The package of new laws approved late Wednesday will now go to the desk of President Enrique Pena Nieto, who has made energy reform the cornerstone of his platform to expand Mexico's economy and to make the country a global competitor.
"Today we took a big step toward the future for Mexicans," Pena Nieto said via his Twitter account. "We will take better and more sustainable advantage of our energy resources."
MEXICO CITY (AP) — Mexico's Senate debated the final pieces of legislation Wednesday needed to enact a dramatic expansion of the role of foreign and private companies in the state-run oil industry.
The Senate was expected to approve the final packages of laws to regulate private oil and gas drilling that is being allowed for the first time since the industry was nationalized 76 years ago. The overhaul is supported by the governing Institutional Revolutionary Party, the conservative National Action Party and a smaller party that together can form a majority.
As part of its attempt to get more out of shale, BP has tapped industry veteran David Lawler, who’d worked most recently at Oklahoma-based Sandridge Energy Inc., to run a new unit devoted to its onshore business in the Lower 48 states, The Hill reports.
Obama administration policies – particularly those involving the environment – would be the target of major spending restrictions in a Republican-controlled Congress, Sen. Mitch McConnell, R-Ky. and the man who could lead a GOP-majority Senate, told Politico in an interview on his campaign bus.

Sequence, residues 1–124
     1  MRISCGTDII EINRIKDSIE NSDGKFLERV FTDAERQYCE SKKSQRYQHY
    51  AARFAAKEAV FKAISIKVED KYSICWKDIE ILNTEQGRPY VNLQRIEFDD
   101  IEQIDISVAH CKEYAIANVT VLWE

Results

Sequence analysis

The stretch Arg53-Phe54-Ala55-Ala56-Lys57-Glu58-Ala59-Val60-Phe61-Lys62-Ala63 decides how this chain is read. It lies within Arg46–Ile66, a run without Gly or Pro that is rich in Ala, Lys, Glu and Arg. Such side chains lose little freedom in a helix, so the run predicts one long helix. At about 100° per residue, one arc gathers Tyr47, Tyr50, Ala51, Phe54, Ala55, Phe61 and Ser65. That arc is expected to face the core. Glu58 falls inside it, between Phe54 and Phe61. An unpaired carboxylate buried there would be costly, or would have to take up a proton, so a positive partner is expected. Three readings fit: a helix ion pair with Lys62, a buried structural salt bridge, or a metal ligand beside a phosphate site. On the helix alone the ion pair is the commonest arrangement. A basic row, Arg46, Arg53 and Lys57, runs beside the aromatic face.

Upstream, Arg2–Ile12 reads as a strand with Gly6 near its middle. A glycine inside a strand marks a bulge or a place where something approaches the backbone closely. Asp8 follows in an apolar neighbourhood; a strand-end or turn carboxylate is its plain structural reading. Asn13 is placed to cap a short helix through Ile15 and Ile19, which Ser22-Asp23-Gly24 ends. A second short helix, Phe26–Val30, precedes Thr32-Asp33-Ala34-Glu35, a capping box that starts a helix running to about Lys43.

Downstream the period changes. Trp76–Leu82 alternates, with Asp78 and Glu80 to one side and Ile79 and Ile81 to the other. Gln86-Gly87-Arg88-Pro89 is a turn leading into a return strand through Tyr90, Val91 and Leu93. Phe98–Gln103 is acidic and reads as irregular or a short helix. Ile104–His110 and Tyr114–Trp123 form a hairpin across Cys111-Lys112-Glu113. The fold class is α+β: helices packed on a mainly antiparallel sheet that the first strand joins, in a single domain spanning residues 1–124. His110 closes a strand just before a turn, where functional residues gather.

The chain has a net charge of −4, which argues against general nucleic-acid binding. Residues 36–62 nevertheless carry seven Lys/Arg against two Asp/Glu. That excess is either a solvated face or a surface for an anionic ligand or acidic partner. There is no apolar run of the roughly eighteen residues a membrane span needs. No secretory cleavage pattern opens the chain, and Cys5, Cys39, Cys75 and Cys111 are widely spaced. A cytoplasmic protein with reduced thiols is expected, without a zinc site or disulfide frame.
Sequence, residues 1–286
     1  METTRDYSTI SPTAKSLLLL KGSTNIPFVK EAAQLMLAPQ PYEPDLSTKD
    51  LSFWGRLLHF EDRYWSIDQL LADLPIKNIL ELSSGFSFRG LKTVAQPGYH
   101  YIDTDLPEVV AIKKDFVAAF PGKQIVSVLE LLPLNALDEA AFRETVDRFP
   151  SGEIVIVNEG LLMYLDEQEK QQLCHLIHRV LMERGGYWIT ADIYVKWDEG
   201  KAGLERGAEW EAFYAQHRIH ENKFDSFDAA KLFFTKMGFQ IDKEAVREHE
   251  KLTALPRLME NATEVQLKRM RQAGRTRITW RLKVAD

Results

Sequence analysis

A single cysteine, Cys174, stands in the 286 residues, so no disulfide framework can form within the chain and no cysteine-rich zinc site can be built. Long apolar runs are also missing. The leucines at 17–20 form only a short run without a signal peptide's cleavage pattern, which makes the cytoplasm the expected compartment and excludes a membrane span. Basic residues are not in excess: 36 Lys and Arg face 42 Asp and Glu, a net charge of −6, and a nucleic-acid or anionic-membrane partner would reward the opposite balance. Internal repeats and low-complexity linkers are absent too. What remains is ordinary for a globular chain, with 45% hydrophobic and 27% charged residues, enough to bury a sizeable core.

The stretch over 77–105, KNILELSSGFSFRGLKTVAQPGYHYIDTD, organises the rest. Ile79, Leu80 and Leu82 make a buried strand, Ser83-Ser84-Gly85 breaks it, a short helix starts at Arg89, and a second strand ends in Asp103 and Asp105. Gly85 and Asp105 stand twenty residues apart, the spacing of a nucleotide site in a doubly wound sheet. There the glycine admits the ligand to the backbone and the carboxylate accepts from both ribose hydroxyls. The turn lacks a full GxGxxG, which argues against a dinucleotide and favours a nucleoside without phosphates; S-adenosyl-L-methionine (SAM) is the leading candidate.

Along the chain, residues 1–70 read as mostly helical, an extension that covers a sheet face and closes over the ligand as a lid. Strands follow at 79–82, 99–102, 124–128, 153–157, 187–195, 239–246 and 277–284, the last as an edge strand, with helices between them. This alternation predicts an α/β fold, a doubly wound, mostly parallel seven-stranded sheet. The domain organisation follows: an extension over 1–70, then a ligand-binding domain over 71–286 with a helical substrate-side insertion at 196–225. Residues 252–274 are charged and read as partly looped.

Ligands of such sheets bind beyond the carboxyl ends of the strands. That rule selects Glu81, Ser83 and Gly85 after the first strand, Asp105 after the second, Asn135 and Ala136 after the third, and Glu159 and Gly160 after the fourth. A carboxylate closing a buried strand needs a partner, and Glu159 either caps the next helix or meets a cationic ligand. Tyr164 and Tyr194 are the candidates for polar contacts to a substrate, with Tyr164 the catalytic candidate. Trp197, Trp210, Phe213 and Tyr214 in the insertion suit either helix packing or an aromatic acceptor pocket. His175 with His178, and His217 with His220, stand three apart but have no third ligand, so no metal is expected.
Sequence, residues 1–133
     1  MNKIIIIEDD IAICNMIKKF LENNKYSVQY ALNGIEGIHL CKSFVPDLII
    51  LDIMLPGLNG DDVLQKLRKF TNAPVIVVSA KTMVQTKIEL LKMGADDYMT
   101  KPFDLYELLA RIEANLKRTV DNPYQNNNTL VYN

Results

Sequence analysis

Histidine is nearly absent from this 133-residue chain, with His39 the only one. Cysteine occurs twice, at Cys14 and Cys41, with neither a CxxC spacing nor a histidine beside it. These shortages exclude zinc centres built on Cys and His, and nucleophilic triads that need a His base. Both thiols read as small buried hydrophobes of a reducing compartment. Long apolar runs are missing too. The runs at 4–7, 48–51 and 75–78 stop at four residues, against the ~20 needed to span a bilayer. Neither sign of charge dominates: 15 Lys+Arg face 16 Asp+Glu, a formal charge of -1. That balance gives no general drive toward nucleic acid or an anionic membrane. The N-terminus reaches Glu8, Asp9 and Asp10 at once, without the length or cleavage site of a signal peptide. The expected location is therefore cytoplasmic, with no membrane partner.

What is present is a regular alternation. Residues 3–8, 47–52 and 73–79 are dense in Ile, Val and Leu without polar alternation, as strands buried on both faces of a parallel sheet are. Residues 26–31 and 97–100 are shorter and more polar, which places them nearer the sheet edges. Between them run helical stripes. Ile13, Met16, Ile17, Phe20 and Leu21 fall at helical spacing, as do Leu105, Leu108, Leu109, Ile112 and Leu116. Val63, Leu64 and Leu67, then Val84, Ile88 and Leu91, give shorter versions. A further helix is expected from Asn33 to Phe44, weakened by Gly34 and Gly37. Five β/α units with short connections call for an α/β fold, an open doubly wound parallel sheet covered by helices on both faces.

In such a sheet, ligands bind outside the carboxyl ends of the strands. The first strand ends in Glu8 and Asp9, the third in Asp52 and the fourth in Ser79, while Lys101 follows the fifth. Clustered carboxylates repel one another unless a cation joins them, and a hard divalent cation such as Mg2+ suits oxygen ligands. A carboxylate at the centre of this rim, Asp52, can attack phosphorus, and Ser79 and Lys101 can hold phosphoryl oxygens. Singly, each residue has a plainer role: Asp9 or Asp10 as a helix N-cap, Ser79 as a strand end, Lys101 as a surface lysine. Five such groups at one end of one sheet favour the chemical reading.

Data from the Energy Information Administration showing a 4.5 million barrel decline in U.S. crude stocks last week fuelled a rise in prices as the front month contract expired. West Texas Intermediate crude for September delivery jumped $1.59 to settle at $96.07 a barrel on the New York Mercantile Exchange, the October contract gained 59 cents to close at $93.45 and in London October Brent ended 72 cents higher at $102.28, Reuters reports.
Buyers purchasing Iraqi crude that isn’t authorized for sale by the central government may be helping to finance the Islamic State extremist group, according to a statement from the country’s oil ministry, Platts reports.
Issues in Massachusetts that have stalled and possibly killed a plan agreed by New England governors to improve energy infrastructure and increase natural gas pipeline capacity in the region have left other states –- like Maine -– looking to take their own initiative, the Portland Press Herald reports.
A startup that’s looking into ways of converting methane into ethylene and gasoline – Siluria Technologies of San Francisco – has raised nearly $100 million in investment, including $30 million from an arm of oil company Saudi Aramco, FuelFix reports.
Global warming and environmental issues are becoming more and more important to Hispanic voters, according to an analysis of nine different polls that was commissioned by the Hispanic Access Foundation, National Journal reports.
Climate change will mean worsening air pollution, according to scientists interviewed by The New York Times, who call it the climate penalty and explain that more sunlight means more chemical reactions with automobile exhaust and other polluting agents to create more ozone.